Meredith presents her findings to the Intertribal Timber Council on Tuesday. To hear more about her journey to grad school and how she is navigating her own identity as a non-native person engaging in indigenous partner research, tune in on Sunday, December 1st at 7 PM on KBVR Corvallis 88.7 FM or stream live

A bird’s eye view: hindsight and foresight from long term bird surveys

The Hermit Warbler is a songbird that lives its life in two areas of the world. It spends its breeding season (late May-early July) in the coniferous forests of the Pacific Northwest (PNW) and migrates to Central America for the winter. Due to the long journey from the Central America to the PNW, it is dependent on food resources being available throughout its journey and when it arrives to breed. The environmental conditions across its range are tightly linked to habitat resources, and unfavorable climatic conditions, such as those becoming less frequent due to climate change, can negatively affect bird populations. Changes in bird populations are not always easy to notice, especially with small songbirds that live high in tree canopies. Studying birds for one or a few years may not be enough to signal the change in their well-being.

A Hermit Warbler singing on a lichen-covered branch in the forest canopy. Male Hermit Warblers will defend their territories ferociously against other males during the breeding season. H.J. Andrews Experimental Forest, May 2017.

Fortunately, long term data sets are becoming more available thanks to long term study programs. For example, the Willamette National Forest in Oregon is home to H. J. Andrews Experimental Forest (the Andrews). Designated by the USDA Forest Service Pacific Northwest Research Station, the Andrews forest hosts many forest research projects and has been monitored since 1948. In 1980, it was became one of the National Science Foundation’s Long Term Ecological Research sites ensuring that it will remain a resource for scientists for years to come. Bird surveys at the Andrews began 11 years ago, and researchers at Oregon State University are beginning to draw connections between changing climate and bird communities in relation to the forest’s structure and compositions.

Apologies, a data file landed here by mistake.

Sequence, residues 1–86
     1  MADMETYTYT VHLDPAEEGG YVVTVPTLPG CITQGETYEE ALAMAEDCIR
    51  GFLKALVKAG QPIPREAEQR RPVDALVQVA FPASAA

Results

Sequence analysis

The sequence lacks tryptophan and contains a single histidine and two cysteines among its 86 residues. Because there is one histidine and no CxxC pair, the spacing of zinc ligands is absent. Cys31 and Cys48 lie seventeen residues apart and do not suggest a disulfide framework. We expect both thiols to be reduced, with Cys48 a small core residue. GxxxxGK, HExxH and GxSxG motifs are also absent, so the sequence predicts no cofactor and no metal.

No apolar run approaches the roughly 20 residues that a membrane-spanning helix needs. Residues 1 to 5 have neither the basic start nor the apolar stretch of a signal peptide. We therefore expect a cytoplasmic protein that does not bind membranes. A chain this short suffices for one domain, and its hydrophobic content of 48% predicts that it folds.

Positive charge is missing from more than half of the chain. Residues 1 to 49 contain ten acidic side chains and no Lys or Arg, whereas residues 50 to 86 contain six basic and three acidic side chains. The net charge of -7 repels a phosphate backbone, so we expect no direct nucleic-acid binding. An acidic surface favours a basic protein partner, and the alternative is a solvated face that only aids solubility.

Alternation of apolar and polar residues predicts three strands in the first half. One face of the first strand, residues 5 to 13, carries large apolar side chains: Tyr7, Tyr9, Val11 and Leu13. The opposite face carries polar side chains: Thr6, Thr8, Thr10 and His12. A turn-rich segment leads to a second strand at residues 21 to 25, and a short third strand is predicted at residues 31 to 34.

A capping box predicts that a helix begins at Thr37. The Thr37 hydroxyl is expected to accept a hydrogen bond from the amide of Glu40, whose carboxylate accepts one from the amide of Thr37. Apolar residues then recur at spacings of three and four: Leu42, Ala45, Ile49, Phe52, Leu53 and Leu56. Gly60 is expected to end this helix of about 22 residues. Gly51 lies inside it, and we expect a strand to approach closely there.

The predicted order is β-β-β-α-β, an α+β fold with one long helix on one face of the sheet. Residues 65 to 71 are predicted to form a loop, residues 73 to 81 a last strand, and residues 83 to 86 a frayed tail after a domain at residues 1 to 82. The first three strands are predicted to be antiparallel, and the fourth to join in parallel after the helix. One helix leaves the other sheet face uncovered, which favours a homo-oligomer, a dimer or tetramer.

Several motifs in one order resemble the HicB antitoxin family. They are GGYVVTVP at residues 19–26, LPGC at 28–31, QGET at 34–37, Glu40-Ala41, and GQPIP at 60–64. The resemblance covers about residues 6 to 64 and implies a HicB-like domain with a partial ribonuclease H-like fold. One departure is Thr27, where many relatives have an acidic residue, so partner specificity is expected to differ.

H.J. Andrews Experimental Forest, where long-term bird study is launched in 2009 by Drs. Matt Betts and Sarah Frey. The forest sits on the moist foothills of western Cascades in Willamette National Forest.

One of these researchers, Hankyu Kim PhD student in the Department of Forest Ecosystems and Society, is using this data to study the Hermit Warbler and other bird species at the Andrews. Hankyu is interested in how and why bird communities are changing over time. With 11 years of bird observations and extensive temperature data, he is attempting to estimate how population of birds persist in the forests. To begin approximating how current climate effects birds, we need to have an idea about bird communities in the past. Past conditions can help us explore how birds might respond to future climate scenarios. Without the effort of many researchers before him to monitor birds, his investigation would be impossible.

Bird surveys are conducted via point counts. Researchers stand at a point count station for 10 minutes and count all bird species they see and hear. Listen to a hermit warbler and some other background birdsongs recorded at H.J Andrews in June 2017.

Hankyu realized the importance of long-term data after reviewing the 45-years of wintering waterbird surveys collected by the Birdwatching Club at Seoul National University, Korea during his time as an undergrad. The group took annual trips to the major Rivers and Coastal Areas, and in just a couple decades the members of the club had recorded declines and disappearances of some species that were once common and widespread. This finding inspired Hankyu to pursue graduate school to study unnoticed or uncharismatic species that are in danger of decline. Every species plays a critical role in the ecosystem, even if that role has not yet been discovered.

Tune in on Sunday May, 19 at 7 pm to hear more about Hankyu Kim’s research with birds. Not a local listener? Stream the show live or catch up when the podcast episode is released.

Want more about the Hermit Warblers in Oregon? Check out this video of Oregon Field Guide featuring Hankyu and some of his colleagues from Oregon State University.